Economy on a building spree
The last two to three years have been tough on the Madras business community. After surging in the mid-1990s, commercial construction has stood still. More businesses, it seemed, were closing than opening. The announced closure of Hatfield's Department Store this spring proved a final boulder in the landslide of negative news.
But maybe things are looking up. Is that rumblings of a Renaissance I hear? If it's not a full-scale rebound going on at least it's some progress in spite of a less-than-electric economy.
While the impending departure of Hatfeild's is a staggering blow, Historic Downtown Madras appears prepped to stay on its feet. Opal Day Spa's investment and remodel is wonderful to see, and will be a fine addition. A retail shop is preparing to move into the site Snap Shots vacated when it moved to Sixth and B street. Interesting ideas have been bantered about for the Hatfield's site. While so far nothing is in the hand, hopefully this anchor building of Historic Downtown Madras will draw a tenant (or tenants) that will be beneficial to downtown neighbors and the entire community.
Meanwhile, work has started at the incubator industry site north of Madras, across from the city industrial park; Les Schwab Tire Center is building one of its chain's largest retail stores at the former Safeway site north of town; and word is that the town newspaper is in the early stages of constructing a new building that could be up by year's end. On the more distant horizon, the Opportunity Foundation is moving forward with its ambitious project on B Street at the former Main Street Garage site, which will be a fantastic addition to downtown; and Deschutes County developers are planning a nice business office complex at the old Texaco site south of Dick Dodson's.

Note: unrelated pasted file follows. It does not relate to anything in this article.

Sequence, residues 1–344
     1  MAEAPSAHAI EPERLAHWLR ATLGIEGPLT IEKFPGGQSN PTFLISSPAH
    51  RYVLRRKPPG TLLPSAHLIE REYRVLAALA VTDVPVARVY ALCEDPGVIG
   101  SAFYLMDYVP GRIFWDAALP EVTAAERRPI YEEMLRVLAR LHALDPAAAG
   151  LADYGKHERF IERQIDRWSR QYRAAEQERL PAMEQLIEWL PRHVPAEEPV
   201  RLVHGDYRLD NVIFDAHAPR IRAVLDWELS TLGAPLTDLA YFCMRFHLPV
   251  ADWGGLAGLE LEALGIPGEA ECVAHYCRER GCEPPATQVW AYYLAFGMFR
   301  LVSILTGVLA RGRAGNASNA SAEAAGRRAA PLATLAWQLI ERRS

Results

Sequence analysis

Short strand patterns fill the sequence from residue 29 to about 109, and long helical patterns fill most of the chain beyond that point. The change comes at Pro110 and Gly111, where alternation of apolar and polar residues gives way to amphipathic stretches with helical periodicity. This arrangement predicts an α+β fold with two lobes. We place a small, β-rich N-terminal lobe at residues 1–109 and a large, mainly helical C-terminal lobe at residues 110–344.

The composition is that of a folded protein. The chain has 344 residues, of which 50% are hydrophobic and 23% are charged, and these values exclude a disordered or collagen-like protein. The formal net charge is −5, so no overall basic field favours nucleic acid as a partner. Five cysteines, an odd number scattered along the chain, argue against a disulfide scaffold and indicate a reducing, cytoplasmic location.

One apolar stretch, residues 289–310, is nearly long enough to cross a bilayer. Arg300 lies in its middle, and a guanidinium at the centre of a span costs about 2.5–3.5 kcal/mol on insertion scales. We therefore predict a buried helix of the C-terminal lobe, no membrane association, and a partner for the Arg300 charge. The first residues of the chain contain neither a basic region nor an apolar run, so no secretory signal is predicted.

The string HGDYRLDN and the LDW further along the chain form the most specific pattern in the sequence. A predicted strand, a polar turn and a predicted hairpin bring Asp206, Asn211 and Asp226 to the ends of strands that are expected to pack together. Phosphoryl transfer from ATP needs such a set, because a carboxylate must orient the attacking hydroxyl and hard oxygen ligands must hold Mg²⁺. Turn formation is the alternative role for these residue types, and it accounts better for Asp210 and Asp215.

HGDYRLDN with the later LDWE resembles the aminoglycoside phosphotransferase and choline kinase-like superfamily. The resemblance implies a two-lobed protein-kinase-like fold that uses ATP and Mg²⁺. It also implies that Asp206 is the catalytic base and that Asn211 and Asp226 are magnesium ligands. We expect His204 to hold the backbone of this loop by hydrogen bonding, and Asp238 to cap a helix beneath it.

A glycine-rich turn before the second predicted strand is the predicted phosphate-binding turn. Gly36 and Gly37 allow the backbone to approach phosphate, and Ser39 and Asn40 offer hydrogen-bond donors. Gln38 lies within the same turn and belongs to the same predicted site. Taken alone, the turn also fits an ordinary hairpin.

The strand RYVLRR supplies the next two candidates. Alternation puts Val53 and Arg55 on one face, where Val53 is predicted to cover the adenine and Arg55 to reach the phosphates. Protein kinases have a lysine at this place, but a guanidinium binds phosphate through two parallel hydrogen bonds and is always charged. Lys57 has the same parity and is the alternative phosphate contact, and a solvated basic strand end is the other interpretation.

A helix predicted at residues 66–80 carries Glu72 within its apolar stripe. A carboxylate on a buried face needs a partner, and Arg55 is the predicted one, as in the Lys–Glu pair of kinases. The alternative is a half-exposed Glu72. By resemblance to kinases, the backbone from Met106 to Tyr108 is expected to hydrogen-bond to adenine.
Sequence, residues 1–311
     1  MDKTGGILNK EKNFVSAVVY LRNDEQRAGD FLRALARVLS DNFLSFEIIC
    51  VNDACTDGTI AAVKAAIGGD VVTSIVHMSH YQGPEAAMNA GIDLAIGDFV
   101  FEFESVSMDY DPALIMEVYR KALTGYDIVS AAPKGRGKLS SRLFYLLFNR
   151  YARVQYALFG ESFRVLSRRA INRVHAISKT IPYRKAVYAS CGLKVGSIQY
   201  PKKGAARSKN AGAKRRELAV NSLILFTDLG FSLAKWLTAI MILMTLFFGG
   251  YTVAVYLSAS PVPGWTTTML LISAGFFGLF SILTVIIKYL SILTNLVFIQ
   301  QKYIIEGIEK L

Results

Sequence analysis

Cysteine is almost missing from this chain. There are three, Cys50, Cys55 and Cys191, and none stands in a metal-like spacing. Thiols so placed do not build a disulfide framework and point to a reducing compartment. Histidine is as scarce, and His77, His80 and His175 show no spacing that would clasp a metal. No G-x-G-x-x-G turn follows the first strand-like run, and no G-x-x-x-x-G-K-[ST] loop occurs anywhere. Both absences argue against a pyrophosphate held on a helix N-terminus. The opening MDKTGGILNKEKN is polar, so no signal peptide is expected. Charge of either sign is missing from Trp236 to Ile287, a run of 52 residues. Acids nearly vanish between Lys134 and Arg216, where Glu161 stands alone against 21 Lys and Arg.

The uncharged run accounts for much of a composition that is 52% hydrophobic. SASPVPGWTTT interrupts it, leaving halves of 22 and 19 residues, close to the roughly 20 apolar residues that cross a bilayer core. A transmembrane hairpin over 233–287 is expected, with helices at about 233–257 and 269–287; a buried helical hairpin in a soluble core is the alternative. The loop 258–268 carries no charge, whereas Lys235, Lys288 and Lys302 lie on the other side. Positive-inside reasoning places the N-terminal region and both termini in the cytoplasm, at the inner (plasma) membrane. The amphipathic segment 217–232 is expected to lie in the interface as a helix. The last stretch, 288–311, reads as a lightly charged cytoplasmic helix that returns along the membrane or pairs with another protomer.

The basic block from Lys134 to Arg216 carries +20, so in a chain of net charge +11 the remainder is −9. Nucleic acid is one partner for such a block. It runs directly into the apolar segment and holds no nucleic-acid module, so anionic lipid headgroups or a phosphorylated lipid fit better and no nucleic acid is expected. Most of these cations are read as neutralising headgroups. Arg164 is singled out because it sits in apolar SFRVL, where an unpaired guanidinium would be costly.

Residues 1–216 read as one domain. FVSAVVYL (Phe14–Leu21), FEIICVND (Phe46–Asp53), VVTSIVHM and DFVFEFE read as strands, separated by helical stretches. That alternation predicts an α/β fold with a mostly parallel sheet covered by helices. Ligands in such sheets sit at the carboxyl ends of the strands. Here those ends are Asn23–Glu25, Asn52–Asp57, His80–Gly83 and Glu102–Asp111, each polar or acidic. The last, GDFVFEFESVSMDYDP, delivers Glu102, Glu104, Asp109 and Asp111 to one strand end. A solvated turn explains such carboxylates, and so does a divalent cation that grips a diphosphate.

Public sector activity is leading this bullish charge. The county's parking lot redesign at the courthouse will be a major beautifier of downtown Madras. The city annexation and improvement at the industrial park should lead to more business development, while the 509-J school district and Mt. View Hospital are both in the midst of expansion-remodel projects.
As our population continues to inch upward and interest rates inch downward, development will continue, and the Madras business community should grow.
Make no mistakes, though, many businesses are still struggling to maintain sales and profit levels they claimed a few short years ago. Survival is still a tough battle, especially for most retail outlets. The local economy is still not out of the woods.
However, now it seems that instead of being lost in the woods, we're merely camping.